FEDMA has said that it welcomes the potential flexibility on B2B direct marketing, but is calling for further clarification of the scope of the provision to ensure it’s not limited to generic (non-personal data) contact detail, such as info@dpnetwork.org.uk, but rather clearly allows for communications to an individual acting in their professional capacity.

This movement from earlier versions of the texts is hopefully a positive sign for organisations operating in a B2B market, wishing to send emails to individuals in their business capacity or contact them by phone, subject to them having a legitimate business reason to do so.

Emails/SMS and the ‘Soft opt-in’ for existing customers

Under the current ePrivacy Directive, it’s unlawful to send unsolicited marketing emails or SMS messages to individuals (‘individual subscribers’, sole traders and some partnerships) unless they have given consent or the ‘existing customer’ exemption applies. This exemption is commonly referred to as the ‘soft opt-in’ and is retained in the latest draft which states it can be relied upon if:

  • the individual’s contact details have been obtained in the context of a purchase
  • direct marketing relates to the organisation’s own, similar product and services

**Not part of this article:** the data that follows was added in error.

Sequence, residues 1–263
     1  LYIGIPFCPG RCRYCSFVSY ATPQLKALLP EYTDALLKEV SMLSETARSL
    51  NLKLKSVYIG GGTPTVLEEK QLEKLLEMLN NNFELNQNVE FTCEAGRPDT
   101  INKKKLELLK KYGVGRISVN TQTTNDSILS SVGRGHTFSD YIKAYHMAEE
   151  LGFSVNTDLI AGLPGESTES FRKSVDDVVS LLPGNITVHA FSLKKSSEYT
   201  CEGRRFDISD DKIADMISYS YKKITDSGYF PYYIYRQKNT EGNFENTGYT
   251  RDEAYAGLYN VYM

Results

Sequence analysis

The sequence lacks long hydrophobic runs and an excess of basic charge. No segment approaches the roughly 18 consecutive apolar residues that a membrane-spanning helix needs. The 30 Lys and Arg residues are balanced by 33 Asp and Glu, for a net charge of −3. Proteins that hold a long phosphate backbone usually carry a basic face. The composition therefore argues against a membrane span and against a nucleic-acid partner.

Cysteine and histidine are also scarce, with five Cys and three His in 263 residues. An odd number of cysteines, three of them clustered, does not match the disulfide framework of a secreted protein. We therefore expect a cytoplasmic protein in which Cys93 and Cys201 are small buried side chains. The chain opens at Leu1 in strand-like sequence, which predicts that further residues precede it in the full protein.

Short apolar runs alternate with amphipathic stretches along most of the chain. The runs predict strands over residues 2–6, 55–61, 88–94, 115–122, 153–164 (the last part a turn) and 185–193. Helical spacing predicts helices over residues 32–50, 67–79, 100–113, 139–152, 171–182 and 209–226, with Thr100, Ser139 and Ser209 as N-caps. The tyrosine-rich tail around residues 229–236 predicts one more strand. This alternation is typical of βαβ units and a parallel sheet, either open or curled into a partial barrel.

• the customer is clearly and distinctly given an opportunity to opt-out of marketing at the time the data is collected
  • the customer can subsequently unsubscribe from marketing at any time and there should be an unsubscribe link on every email sent

However, the current Directive includes the opportunity for using contact details collected in the context of “negotiations for the sale” meaning that the individual could have been browsing a website and perhaps gone part way through the buying journey but not completed the purchase. The fact that those words “negotiations for the sale” are still not included in the latest draft would restrict the scope in which organisations could use the soft opt-in exemption, if this doesn’t change.

A further potential restriction appears in the latest draft which states that:

– Member States may impose a time limit on the use of the soft opt-in

There are calls for this to be amended. There are concerns a time limit for all businesses regardless of what services or products they offer, could be restrictive, as each would respond to its own particular purchase cycle.